Genetically Vigorous Populations

Topics: Endangered species, Biodiversity, Conservation biology Pages: 7 (1521 words) Published: June 10, 2015


Genetically Vigorous Populations Paper
Megan Lade
University of Phoenix (Online Campus)
Niladri Sarker

Introduction into Genetic Diversity
Genetic diversity provides a species with its form and function. A species genotype refers to their genetic code; what their cells are going to be used for – hair cell, eye cell, muscle cell, etc. A species phonotype refers to the way in which that species gene will be expressed – blonde hair, blue eyes, large muscle tone; which significantly impacts the success of that individuals genes. Without genetic diversity among populations the gene pools would be very limited, which gives way to a rise in mutations and inevitably the end of a species. “Genes regulate body size, shape, physiological processes, behavioral traits, reproductive characteristics, tolerance of environmental extremes, dispersal and colonizing ability, the timing of seasonal and annual cycles (phenology), disease resistance, and many other traits…to ignore genetic variation is to ignore one of the fundamental forces that shape the biology of living organisms” (Falk, D., Knapp, E., & Guerrant, E., 2001). Genetic diversity also affords different organisms to change with the ever-changing environment around them. Environmental variation, over time, is known as natural or historic range variation. This can include: variation in population sizes of species due to natural predators and disease, changes in weather, changes in the availability of resources etc. Since the environment is always changing is allows populations to be genetically diverse. If species X were to live in a ‘perfect’ environment, there would be very little genetic diversity and biotic integrity – everything would remain status quo. We would not see species evolving or changing for any reason as there would be no need. Species all over the world are adaptable and change with their habitat – evolving tolerances to changes in the soil and weather and changing to continually be the fittest of that species to increase the chances of passing along their genes. Without genetic diversity we all, plants and animals alike, would be doomed as diversity among species allows us all to change and adapt to the uncertainties of the future. Species Facing Challenges in Genetic Diversity

A prime example of an animal species facing extinction due to the low genetic diversity among its population is the decreasing numbers of endangered Tasmanian Devils. These wild animals are found exclusively on the island of Tasmania, just southeast of Australia. It is estimated that only somewhere between twenty and fifty thousand exist in the wild; and only about 500 individuals are currently in breeding programs in Australian zoos. An infectious disease is running rampant through the remaining members of this species causing large tumors to grow on their faces and necks, preventing the animal from eating and drinking properly. Low genetic diversity due to the isolation of this animal on the island of Tasmania is causing the infection to grow and spread very rapidly – then that trait is passed along to its offspring, ultimately the Tasmanian devil dies of starvation. Zoologist Jeremy Austin discovered that the low genetic diversity in this species rendered the Tasmanian devil’s immune system useless as it does not recognize the cancer as being foreign – this is due to a deficiency in the devil’s major histocompatibility complex. “The breeding programs are a good back-up…but the long term survival of the species can only be reasonably guaranteed with an expanded genetic diversity” (Arnold, 2009). Instead of focusing on one specific plant population that suffers from low genetic diversity, spotlighting GMO (genetically modified organism) crops important. Scientists create this ‘super food’ from the genes of a particular species to increase production to feed the insatiable appetite of the US population. Per the GMO Journal, mass produced crop...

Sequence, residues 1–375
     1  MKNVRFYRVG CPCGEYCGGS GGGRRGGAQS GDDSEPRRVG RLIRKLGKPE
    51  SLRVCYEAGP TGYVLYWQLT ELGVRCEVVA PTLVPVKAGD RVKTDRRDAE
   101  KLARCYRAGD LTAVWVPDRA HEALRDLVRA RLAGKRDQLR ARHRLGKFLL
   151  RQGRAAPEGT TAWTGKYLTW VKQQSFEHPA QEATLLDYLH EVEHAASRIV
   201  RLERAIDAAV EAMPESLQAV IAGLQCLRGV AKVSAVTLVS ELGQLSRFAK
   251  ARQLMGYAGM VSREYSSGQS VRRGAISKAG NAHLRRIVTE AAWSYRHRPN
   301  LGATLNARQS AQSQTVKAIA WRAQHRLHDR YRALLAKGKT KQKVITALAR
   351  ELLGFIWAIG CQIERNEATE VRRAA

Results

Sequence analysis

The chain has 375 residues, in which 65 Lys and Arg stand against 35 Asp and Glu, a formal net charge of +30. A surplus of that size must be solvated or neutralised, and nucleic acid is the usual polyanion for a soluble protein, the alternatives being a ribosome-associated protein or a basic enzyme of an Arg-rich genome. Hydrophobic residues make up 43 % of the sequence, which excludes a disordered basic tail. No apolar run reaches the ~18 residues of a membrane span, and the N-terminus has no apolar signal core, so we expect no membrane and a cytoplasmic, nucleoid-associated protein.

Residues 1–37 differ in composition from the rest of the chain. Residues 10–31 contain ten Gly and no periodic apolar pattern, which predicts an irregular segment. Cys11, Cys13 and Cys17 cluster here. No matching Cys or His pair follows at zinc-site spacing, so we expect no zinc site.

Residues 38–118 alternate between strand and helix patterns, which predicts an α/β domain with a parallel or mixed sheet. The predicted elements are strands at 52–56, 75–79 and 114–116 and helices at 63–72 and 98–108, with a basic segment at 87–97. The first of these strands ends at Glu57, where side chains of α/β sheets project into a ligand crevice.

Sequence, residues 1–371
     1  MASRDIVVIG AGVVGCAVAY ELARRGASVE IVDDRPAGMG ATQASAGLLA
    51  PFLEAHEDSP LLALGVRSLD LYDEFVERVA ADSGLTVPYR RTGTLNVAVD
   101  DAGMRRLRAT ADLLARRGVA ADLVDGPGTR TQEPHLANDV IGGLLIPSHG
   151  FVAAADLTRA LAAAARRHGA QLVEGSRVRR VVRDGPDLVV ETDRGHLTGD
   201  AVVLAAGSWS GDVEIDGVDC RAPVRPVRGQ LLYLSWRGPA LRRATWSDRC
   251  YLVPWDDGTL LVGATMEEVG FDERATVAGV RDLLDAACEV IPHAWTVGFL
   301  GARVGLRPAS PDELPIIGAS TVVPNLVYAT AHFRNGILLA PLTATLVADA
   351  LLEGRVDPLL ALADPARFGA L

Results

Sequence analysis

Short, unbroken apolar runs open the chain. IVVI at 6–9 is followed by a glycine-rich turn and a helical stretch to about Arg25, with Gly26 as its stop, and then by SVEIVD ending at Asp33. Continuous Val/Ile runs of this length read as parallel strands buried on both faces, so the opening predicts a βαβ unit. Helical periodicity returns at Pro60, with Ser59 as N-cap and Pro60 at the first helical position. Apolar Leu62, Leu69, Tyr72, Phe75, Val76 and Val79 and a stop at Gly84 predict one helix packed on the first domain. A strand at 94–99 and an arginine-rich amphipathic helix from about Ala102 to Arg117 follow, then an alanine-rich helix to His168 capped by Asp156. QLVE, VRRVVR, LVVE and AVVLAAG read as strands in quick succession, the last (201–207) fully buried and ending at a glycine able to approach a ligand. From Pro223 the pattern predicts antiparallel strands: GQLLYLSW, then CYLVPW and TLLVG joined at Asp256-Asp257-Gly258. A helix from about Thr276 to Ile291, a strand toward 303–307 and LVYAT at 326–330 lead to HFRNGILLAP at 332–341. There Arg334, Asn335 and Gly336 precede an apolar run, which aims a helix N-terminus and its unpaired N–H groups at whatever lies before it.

References: Arnold, P. (2009, December 4). Endangered Species Tasmanian Devil: Low Genetic Diversity as a Factor of the Tasmanian Devil as an Endangered Species. Retrieved March 8, 2015, from http://www.brighthub.com/science/genetics/articles/13897.aspx
Digest of Federal Resource Laws of Interest to the U.S. Fish and Wildlife Service. (n.d.). Retrieved March 8, 2015, from http://www.fws.gov/laws/lawsdigest/esact.html
Falk, D., Knapp, E., & Guerrant, E. (2001, December 17). An Introduction to Restoration Genetics: Why is Genetic Diversity Important? Retrieved March 6, 2015, from http://www.nps.gov/plants/restore/pubs/restgene/1.htm
Gertsberg, D. (2011, June 17). Loss of Biodiversity and Genetically Modified Crops. Retrieved March 9, 2015, from http://gmo-journal.com/2011/06/17/loss-of-biodiversity-and-genetically-modified-crops/
Major Differences. (n.d.). Retrieved March 6, 2015, from http://www.majordifferences.com/2013/02/difference-between-insitu-and-ex-situ.html#.VP42DI4prSo
Wildlife Population Management. (n.d.). Retrieved March 8, 2015, from http://tpwd.texas.gov/landwater/land/habitats/southtx_plain/habitat_management/gun.phtml
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